equine assisted psychotherapy and equine learning

Equine Assisted Learning for Teens

Horses help teenagers learn trust, relationship building, problem solving, confidence and the value of hard work

Teens enjoy Equine Assisted Growth and Learning - EAGALA

A powerful and effective therapeutic approach that has an incredible impact on individuals, youth, families and groups.

Equine Assisted Learning is incorporated into treatment plans at Elk River Treatment Program (ERTP) to address various struggles including behavioral issues, ADD/ADHD, Post Traumatic Stress Disorder (PTSD), substance abuse, eating disorders, depression, anxiety, relationship problems and communication needs. Through guided activities with horses, adolescents learn to interpret non-verbal communication and assertiveness while using creative thinking and problem solving. Partnering with mental health professionals and equine specialists, teens develop leadership and teamwork skills, and build confidence and healthy attitudes.

EAGALA for Teenagers

Equine Assisted Psychotherapy (EAP) and Equine Assisted Learning (EAL) are effective behavioral health tools used to enhance traditional talk therapy. It provides teens with unique opportunities to learn about themselves and others through activities with horses. Upon completion, they can process their feelings, and recognize behaviors and patterns.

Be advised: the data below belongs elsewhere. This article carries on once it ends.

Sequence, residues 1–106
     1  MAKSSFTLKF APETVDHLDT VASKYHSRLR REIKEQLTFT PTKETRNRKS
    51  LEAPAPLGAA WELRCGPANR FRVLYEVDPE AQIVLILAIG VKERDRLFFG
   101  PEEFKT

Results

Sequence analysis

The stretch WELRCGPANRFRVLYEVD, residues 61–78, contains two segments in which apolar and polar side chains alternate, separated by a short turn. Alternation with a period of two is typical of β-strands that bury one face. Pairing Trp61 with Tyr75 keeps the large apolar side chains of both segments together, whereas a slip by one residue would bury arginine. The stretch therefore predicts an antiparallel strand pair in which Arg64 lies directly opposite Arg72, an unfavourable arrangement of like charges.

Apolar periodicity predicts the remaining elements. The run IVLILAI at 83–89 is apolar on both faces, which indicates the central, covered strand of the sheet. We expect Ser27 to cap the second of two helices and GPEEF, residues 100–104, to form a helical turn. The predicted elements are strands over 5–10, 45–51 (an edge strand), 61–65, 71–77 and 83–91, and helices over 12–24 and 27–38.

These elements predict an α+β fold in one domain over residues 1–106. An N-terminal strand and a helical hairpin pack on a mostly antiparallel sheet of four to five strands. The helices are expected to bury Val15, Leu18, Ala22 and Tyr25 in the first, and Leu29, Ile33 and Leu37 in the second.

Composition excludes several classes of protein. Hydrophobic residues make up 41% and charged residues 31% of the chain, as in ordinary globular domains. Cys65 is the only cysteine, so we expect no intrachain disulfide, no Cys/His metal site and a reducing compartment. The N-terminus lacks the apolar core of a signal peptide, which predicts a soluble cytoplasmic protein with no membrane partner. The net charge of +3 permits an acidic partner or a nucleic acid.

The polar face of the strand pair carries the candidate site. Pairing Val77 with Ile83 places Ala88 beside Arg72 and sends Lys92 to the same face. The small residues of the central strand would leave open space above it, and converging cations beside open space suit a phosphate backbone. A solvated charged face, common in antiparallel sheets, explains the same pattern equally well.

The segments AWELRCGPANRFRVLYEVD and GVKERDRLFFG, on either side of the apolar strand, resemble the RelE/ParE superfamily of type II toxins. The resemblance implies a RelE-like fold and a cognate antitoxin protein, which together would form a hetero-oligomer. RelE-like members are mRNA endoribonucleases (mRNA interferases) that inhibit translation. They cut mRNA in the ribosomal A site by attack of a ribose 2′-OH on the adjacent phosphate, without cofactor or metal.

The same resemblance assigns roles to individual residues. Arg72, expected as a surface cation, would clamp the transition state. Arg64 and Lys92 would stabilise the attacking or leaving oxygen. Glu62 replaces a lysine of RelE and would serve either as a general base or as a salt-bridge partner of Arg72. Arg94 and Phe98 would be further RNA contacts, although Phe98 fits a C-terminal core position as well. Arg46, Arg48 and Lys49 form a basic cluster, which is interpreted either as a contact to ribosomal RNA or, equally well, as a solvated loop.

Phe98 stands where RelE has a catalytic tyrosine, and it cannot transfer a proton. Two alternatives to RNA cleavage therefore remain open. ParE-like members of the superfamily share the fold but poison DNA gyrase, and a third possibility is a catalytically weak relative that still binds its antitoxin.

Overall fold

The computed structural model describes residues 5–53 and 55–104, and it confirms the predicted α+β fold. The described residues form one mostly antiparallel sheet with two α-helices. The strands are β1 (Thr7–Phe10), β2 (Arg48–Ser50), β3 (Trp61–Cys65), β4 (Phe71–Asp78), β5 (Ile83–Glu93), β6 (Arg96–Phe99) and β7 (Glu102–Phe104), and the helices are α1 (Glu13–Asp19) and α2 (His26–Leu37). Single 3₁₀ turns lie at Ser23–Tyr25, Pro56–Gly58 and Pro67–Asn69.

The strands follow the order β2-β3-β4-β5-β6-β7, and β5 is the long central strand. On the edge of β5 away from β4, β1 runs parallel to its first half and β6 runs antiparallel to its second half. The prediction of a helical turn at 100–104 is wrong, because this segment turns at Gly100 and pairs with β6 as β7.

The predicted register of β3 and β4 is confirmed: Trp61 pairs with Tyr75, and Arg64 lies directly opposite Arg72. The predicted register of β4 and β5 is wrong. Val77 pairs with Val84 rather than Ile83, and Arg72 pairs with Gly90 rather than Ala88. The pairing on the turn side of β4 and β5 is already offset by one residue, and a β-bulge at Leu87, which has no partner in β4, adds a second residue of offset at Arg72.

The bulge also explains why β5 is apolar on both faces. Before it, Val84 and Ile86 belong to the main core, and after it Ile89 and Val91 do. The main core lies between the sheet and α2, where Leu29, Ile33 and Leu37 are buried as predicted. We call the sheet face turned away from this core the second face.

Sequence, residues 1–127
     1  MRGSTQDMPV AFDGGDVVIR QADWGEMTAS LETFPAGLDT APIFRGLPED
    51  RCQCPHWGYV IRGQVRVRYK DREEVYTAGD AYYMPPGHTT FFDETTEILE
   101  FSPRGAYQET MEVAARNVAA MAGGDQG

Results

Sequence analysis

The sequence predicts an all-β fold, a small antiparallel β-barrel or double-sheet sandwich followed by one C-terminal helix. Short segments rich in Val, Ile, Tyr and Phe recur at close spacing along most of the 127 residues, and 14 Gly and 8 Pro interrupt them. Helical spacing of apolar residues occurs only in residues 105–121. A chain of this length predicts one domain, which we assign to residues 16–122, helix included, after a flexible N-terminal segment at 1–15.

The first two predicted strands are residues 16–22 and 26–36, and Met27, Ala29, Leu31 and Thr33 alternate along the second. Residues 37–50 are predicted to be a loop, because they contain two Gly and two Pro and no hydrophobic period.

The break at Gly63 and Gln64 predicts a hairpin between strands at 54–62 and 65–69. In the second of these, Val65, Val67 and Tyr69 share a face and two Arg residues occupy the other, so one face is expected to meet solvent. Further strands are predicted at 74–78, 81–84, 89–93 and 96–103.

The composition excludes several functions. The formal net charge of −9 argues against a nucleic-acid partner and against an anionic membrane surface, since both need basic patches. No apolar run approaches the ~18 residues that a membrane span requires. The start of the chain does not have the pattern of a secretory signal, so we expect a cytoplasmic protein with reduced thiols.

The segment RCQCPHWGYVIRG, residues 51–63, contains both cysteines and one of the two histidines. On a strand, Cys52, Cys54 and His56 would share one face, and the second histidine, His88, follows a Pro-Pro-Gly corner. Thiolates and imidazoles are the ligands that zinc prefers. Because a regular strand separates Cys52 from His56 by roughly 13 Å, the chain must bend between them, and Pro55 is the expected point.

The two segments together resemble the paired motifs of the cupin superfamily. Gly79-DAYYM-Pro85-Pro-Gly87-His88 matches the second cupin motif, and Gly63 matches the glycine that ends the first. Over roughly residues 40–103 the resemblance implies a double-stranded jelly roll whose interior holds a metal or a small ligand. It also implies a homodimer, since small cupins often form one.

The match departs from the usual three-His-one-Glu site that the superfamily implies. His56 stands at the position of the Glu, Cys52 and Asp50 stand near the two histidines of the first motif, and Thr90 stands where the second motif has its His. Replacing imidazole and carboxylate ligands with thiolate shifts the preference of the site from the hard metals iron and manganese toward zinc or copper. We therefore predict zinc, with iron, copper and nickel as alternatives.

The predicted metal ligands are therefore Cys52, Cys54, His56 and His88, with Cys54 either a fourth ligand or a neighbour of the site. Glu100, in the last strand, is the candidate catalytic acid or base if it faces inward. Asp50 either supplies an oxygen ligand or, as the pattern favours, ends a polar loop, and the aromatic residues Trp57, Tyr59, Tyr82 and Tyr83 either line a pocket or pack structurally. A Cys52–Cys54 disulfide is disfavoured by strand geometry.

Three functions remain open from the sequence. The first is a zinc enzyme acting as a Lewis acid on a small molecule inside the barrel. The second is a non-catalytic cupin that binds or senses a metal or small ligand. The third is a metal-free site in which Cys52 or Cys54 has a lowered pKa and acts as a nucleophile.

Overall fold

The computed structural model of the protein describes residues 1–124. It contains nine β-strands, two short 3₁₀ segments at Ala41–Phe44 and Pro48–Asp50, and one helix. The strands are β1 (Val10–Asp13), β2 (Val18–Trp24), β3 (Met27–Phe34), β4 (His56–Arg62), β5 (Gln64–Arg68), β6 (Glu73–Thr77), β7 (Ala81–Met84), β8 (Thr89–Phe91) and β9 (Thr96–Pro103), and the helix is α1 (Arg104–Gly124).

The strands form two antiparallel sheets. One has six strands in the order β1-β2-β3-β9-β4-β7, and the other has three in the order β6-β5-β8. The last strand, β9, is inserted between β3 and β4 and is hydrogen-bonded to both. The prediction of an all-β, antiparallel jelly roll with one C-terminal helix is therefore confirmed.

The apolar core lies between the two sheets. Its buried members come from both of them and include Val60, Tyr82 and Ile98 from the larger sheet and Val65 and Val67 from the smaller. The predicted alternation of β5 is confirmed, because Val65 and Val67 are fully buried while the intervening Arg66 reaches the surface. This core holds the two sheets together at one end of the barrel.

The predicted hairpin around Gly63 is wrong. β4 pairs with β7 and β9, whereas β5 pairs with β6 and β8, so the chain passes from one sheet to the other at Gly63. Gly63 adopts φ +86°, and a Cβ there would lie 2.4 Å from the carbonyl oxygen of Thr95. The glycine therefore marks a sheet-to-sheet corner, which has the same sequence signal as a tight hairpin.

Certified teachers and therapists use equine lessons that are compared to ropes courses. Individuals and/or groups are given an objective involving horses and work to meet it. Equine assisted psychotherapy allows counselors to observe the approach teens use to meet the objective they have been given.

Using this type of therapy is extremely effective because it allows teens to experience learning at his or her own pace and on his or her own terms. It is believed that by utilizing this method, the client successfully meets previously defined treatment goals.

In an EAGALA session, the focus of the activity and processing is on learning and educational goals. For example, non-verbal cues for a social skills group, leadership development for a management team, or confidence building for at-risk teens. An agenda is set and there is more intervention throughout the activities by the facilitators in order for them to insert a lesson when a teaching opportunity arises.